‘The Book Thief’, it was called. The book that changed my life.
I love loosing myself in words. Wandering into the abyss of imagination and wonder: becoming lost, and wishing it could last eternally; wading in a sea of thought that seems to extend forever.
Just like Liesel, I found myself marvelling at the power of words.
When I finally came to the last few lines of the novel, tears spewing uncontrollably from my eyes, I read slowly, with trepidation. Why? Looking back now, I think it was because I did not want it to end. This book – these words – had given me a way to escape into a fictional dream, ignited with colours and life.
Before the very end, I experienced a flash of the scenes of people and emotion that was created with words: Liesel, who read to her neighbours in a crowded basement, Max painting the tightrope towards the sun, the stars that burned his eyes, Hans’ silver eyes and his accordion, death himself…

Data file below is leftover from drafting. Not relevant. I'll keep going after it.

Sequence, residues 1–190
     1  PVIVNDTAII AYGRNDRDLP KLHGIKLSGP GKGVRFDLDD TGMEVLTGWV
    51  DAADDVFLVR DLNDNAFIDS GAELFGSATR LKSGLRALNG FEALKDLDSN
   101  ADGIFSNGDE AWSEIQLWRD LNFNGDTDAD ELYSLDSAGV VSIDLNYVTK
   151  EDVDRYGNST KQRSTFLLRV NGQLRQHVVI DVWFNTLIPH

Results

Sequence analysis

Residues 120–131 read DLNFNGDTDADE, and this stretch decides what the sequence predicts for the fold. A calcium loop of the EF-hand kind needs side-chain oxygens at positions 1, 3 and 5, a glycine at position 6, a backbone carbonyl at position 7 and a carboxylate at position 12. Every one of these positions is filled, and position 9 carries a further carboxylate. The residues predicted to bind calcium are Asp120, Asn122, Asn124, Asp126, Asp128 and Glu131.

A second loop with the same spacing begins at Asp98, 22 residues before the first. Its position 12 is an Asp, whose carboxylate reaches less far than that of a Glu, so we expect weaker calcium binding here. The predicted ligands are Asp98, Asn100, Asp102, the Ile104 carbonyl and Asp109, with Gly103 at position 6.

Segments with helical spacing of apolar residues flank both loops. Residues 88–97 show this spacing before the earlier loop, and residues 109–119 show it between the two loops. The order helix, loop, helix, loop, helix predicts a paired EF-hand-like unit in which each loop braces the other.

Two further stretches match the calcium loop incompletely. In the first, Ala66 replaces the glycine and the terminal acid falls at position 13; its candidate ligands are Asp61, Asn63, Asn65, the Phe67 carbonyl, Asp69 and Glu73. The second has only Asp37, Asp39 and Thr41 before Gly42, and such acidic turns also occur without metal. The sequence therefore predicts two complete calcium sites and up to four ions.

The paradoxical themes of innocence and destruction consumed me. Like the narrator, I questioned how beauty yet so much pain could coexist. He says,
I wanted to explain that I am constantly overestimating and underestimating the human race-that rarely do I ever simply estimate it. I wanted to ask her how the same thing could be so ugly and so glorious, and its words and stories so damning and brilliant.
This book filled the empty shell of my imagination and curiosity. So little gave me so much.
For that reason, it is not just a book, but rather a wonderful, intricate collection of words thought through with inscrutable detail, creating a fictional dream in which you can perambulate forever; a world which allows you to stride beyond human imagination – words so powerful, they make you concede the notion of what at first you thought was not imaginable. I became part of that extrinsic imagination, and I struggle to figure out whether I’d ever like to leave.